Rabbi Akiva felt extremely bad because of this soul and he searched from village to village until he came to that very place. He asked in the village, “Where is this Akiva’s house?”

The villagers answered in hatred, “May his bones be ground to dust in Hell!”

“Where is this man’s wife?”

The villagers answered with bitterness, “May her name and memory be blotted out from this world!”

“Where is this man’s child?”

“He is uncircumcised, and no one will circumcise him!”

Rabbi Akiva found & grabbed the man’s son and began to teach him Torah. Rabbi Akiva fasted for forty days and then heard a voice from heaven. “Rabbi Akiva, do you fast for this boy?”

Rabbi Akiva answered, “Yes!”

Teach him to read and write. Teach him to say the grace after meals, teach him to say ‘Shema’ and to pray.” When the boy shall pray in public, causing the people to praise G-d’s name, then the punishment shall be lifted from this man soul.”

When this happened, the soul of the man came to Rabbi Akiva in a dream.. “You have spared my soul from the punishments of Hell.”

(This story is from one of the many legends found in the Talmud. In the Zohar Chadash, it is mentioned that the prayer is the Kaddish.)

What is the power that is demonstrated here? What can cause a evil man to be redeemed from a fitting punishment?
The answer is simple. The redemption is not in the mere saying of Kaddish, but in causing others to praise G-d. Children who live lives of doing good, bring credit to their parents.

Judgment is not only on the deeds that are done, judgment is also on the actions that are caused. If a man leaves a child who increases the respect that others have for G-d, then it is a credit for the parents, even if the parent is evil. This is the secret of the greatness of the Kaddish, that the causing of others to acknowledge the greatness of G-d in public can serve to counter balance the evil that was perpetrated by the parent.

The Roots of Belief

At its roots the meaning of the Kaddish prayer is the Jewish people’s belief in the bigger picture. If there ever was a nation that could have been excused for raising up its hands and saying thats it – no more surely they fit the bill. However many years of persucution, all the miles of wandering in exile the belief and yearning that we would one day return to our land never stopped. Next Year in Jerusalem was always on our tounges.

With all the pain that comes at a particular moment in time whether it be when slaves in Egypt or during the recent Holocaust we have always understood that we are part of the makeup of the Jewish people and that we have not been forgotten and that we will always survive and in the end thrive under our own rule.

One expects that the Kaddish prayer would be about the departed and or death. The opposite is the truth. Kaddish is our belief in life and therefore G_d himself.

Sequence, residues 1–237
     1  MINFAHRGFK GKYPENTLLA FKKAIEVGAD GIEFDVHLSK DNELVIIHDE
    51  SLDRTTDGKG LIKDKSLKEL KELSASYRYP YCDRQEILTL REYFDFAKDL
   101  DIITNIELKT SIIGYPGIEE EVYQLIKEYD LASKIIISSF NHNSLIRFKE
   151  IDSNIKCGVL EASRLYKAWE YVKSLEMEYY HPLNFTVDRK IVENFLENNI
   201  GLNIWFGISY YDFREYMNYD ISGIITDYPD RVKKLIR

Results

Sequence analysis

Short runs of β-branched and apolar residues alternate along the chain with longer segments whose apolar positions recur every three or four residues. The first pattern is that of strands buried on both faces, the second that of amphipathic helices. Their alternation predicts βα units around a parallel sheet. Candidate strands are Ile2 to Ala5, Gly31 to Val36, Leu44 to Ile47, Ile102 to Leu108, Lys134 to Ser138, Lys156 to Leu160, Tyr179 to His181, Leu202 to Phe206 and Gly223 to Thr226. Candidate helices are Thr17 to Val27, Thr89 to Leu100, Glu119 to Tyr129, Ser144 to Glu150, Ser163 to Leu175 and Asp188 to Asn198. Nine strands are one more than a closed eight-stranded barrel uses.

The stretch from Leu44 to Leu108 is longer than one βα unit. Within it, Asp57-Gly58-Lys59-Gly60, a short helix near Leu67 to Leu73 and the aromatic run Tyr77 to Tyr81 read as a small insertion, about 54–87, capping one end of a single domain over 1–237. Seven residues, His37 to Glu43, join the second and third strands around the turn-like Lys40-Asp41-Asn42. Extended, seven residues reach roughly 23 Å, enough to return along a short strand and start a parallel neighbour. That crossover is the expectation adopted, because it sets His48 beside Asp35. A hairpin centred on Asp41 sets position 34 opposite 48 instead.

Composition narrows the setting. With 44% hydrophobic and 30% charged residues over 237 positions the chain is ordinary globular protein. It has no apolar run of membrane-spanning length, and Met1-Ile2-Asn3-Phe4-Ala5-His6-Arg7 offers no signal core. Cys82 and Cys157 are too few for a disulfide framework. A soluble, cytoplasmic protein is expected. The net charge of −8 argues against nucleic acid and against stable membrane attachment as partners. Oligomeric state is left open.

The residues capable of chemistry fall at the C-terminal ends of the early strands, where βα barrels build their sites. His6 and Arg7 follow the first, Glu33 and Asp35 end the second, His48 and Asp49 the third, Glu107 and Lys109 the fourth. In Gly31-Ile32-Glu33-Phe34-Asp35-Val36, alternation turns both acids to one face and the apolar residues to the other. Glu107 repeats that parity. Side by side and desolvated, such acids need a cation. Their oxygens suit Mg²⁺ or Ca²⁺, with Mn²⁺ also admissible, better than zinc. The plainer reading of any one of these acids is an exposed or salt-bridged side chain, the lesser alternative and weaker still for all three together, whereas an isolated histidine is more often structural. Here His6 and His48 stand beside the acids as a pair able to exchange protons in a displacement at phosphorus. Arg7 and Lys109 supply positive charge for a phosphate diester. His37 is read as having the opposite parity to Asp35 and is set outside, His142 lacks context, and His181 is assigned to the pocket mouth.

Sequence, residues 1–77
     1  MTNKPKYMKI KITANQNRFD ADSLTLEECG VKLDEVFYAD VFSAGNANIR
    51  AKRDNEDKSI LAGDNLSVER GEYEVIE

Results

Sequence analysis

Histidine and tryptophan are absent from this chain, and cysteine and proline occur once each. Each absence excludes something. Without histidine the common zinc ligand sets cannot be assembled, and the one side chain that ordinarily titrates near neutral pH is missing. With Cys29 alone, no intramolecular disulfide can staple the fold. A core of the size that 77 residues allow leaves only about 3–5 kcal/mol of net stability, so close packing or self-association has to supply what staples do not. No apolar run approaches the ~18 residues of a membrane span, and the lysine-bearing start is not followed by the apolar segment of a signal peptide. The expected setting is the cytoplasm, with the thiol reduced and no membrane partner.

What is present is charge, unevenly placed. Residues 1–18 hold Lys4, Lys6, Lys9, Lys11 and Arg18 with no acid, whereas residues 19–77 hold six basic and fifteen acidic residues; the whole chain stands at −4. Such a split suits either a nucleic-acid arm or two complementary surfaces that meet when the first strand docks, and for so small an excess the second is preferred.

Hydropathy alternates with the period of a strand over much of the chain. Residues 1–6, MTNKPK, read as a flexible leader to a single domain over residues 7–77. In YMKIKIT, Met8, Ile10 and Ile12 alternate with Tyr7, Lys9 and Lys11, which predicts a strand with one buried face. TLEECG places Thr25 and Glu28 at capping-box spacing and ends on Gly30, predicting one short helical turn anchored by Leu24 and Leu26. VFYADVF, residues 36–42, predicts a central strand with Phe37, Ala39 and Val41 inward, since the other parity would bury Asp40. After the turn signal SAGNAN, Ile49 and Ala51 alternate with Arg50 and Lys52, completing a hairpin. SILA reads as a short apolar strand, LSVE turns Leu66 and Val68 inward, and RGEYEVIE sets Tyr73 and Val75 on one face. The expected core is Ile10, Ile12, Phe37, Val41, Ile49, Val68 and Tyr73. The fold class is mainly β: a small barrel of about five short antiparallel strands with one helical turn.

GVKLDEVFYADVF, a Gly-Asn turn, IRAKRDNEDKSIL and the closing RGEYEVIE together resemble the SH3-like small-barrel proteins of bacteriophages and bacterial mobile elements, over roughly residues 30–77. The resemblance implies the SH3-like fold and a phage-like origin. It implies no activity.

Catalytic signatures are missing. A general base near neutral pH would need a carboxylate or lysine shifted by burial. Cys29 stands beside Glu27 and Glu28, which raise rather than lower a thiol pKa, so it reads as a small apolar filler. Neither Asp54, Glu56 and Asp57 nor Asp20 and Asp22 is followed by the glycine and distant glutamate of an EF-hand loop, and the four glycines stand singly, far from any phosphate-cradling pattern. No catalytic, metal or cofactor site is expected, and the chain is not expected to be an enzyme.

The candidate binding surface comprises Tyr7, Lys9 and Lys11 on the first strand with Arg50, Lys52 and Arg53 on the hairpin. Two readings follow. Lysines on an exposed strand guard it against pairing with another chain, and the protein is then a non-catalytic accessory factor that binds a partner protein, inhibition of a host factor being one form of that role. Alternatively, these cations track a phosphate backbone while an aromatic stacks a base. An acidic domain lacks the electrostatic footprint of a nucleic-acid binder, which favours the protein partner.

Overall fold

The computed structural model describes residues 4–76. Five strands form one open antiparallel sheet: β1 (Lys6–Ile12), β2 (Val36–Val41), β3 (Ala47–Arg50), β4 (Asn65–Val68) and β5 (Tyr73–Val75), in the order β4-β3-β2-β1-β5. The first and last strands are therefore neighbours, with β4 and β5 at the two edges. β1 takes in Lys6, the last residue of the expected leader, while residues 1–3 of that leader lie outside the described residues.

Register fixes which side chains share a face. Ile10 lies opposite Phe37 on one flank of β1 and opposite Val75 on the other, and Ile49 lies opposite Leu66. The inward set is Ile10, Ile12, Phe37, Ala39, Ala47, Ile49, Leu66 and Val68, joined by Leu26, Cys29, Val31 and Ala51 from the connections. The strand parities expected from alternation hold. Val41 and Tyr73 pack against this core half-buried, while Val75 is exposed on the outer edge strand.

The loss of a loved one turns the world upside down and plunges one into darkness. However, even when confronted by darkness we see the light that the kaddish brings us at every place and at every time. It is all about G_d and our peoples belief that He is with us in all times, in all places and in all undertakings. However hard this might seem if one looks closely the Hand of G_d can always be found. We might not realise it at the time but if we look back sometimes after a short period of time or sometimes after a historical era His Hand can be seen often with more ease than other occasions.

When we reach every year the yarzheit for a departed one, despite the sadness that one naturally feels one should also feel in an elevation due to all the signs we use: the candle, the kaddish the prayers and study. All these enable us and the soul of the departed to soar higher.

Traditions of Kaddish

Jewish law requires that Kaddish be said on behalf of a person who has died. The seven family members that this applies to are: mother, father, spouse, son, daughter, brother and sister. It is part of the son’s duties to say Kaddish for a parent, however if he cannot, for whatever reason, then one may also hire someone to recite the Kaddish, a practice dating back over 500 years.
There is also a custom to say Kaddish for any Jewish person that there is no-one else to say Kaddish on their behalf.
Kaddish is said for the first time at the burial service and from then for eleven months at the three daily prayers (Ma’ariv in the night, Shacharit in the morning and Mincha in the afternoon). On various days throughout the year that there are additional services, Kaddish is also said then (Shabbat, Festivals and New Moon). The last time that Kaddish is said during the first year is on the Yahrtzeit (anniversary of the Jewish Calendar date of passing or burial – there are different opinions). After this, one should say Kaddish on the aniversary of the date of death.
The general requirement is to say Kaddish in the presence of at least 10 men over the age of Barmitzvah, which is thirteen years old.
If Kaddish was never said for a person in the past , there is no reason why one cannot start to say Kaddish on his behalf now.
This has been written in memory of Alan Green z”l ( Avraham Yitzchak Ben Toiva ) who passed away yesterday in London – 24 Tevet 5670.